|Publication number||US4942344 A|
|Application number||US 07/189,039|
|Publication date||Jul 17, 1990|
|Filing date||May 2, 1988|
|Priority date||Apr 30, 1987|
|Also published as||DE3876675D1, DE3876675T2, EP0289362A2, EP0289362A3, EP0289362B1|
|Publication number||07189039, 189039, US 4942344 A, US 4942344A, US-A-4942344, US4942344 A, US4942344A|
|Inventors||Francis E. Devitt, John P. Doran, Kevin J. Gaughan|
|Original Assignee||Moog Ltd.|
|Export Citation||BiBTeX, EndNote, RefMan|
|Patent Citations (11), Referenced by (17), Classifications (8), Legal Events (5)|
|External Links: USPTO, USPTO Assignment, Espacenet|
The present invention relates to the control of electrical motors, and in particular, doubly-excited electrical motors with electronic commutation.
2. Field of the Invention
Generally speaking, such motors have a rotating field which may consist of a winding in which currents flow to produce a magnetic field, or permanent magnets to produce a magnetic field with a fixed value. The armature, or load current-carrying part is typically stationary and the magnitude, waveshape and phasing of the armature currents are controlled by an electronic commutator or controller.
The performance of these motors is described by the following relationships:
T=C1 ·KT ·COS.0.·I
E=C2 ·KT ·n.
T=motor output torque;
KT =motor torque constant;
c1,c2 =numerical scaling factor depending scaling used for alternative definitions of KT ;
I=motor armature current;
E=motor generated voltage (back e.m.f.);
n=motor speed; and
.0.=motor torque angle (defined below)
From first principles, it is well established that KT is a function of motor construction and magnetic field strength from the field part of the motor. If the angle between field and armature fluxes in the motor is called θ then (90-θ) is referred to hereafter as the torque-angle, .0..
For poly phase AC machines .0. is also the angle between the fundamental harmonics of the armature current in a phase and phase-to-neutral generated voltage in that phase. This type of motor with permanent magnet field is commonly used in brushless servo systems. The electronic commutation in the motor controller controls the angle .0..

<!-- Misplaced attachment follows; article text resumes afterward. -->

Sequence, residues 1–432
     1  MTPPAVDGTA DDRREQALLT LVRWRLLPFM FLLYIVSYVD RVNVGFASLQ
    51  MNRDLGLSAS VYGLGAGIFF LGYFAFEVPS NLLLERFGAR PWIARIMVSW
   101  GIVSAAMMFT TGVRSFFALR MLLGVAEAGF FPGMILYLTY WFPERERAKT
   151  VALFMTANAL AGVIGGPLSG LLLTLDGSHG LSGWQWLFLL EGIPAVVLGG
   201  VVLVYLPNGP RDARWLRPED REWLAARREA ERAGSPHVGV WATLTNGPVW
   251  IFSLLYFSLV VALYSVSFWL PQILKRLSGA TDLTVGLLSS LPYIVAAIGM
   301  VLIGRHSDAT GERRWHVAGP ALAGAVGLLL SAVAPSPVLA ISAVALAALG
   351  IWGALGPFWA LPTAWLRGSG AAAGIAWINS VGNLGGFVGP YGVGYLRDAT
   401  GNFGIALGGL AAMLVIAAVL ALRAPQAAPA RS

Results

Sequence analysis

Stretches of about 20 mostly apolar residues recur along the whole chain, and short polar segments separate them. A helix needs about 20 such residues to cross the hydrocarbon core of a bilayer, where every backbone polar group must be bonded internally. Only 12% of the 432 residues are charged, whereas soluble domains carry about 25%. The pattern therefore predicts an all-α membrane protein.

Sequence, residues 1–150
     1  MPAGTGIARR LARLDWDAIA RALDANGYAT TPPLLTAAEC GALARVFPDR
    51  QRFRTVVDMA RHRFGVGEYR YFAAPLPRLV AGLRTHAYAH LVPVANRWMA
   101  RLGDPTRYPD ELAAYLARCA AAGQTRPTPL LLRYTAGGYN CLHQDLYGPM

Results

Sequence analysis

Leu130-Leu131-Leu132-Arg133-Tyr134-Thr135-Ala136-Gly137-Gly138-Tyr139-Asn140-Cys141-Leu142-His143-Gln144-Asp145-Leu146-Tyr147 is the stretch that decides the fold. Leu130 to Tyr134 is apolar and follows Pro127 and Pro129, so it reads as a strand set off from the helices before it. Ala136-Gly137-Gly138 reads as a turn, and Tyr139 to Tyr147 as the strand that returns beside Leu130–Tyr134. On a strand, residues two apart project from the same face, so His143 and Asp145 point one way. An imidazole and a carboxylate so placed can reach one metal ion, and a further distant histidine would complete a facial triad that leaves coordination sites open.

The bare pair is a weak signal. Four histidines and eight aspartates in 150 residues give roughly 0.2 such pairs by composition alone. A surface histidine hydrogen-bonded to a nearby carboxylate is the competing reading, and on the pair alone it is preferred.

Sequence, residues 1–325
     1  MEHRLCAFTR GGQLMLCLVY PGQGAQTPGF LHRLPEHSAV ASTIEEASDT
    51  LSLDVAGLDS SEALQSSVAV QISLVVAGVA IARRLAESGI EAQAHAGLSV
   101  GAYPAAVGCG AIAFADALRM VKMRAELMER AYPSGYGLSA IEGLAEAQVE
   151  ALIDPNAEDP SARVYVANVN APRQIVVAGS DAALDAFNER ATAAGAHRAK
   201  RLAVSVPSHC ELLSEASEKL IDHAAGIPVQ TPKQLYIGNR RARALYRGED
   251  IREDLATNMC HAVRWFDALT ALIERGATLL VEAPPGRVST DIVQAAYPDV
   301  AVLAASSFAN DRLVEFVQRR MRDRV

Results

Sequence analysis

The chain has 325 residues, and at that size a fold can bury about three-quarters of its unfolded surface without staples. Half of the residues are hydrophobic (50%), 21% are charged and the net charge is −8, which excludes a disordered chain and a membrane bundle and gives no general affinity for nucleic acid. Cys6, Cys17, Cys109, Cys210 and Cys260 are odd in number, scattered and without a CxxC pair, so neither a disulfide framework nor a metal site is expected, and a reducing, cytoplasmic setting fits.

Usually, in brushless motor controllers the electronic commutation constrains the angle .0. to be 0°. This gives COS.0. it's maximum value and gives maximum output torque per unit of input current. However, as the speed of the motor increases, so also does the back e.m.f. until a limiting point is reached when the sum of the back e.m.f. and the motor impedance voltage drop caused by the load current equals the supply voltage. When this happens the motor speed cannot increase beyond this maximum level known as the "base speed". This base speed varies with load torque.
In principle, it is possible to achieve speeds higher than the base speed by dynamically varying KT. This principle is known and it has been applied for wound field brush type DC motors by varying the field winding excitation current.
For brushless motors with permanent magnet excitation, varying Kt by changing the field component magnetic field strength is not possible. However, it is possible to dynamically vary .0., which is under electronic control.
If .0. is increased from 0° , the current in a motor winding will lead the back e.m.f. in that winding. This causes the motor impedance voltage drop to have a component which is in Antiphase with the back e.m.f. Thus, the sum of the motor impedance voltage drop and the motor back e.m.f. can be smaller than the motor back e.m.f. This allows speeds greater than base speed to be achieved even though the speed dependent back e.m.f. may be several times larger than the maximum available supply voltage.
Below base speed, clockwise torque is obtained when the armature flux is 90° in a clockwise direction from the field flux whether the motor is turning clockwise (motoring) or counter-clockwise (generating). To obtain speeds higher than base speed the armature flux must be shifted further clockwise.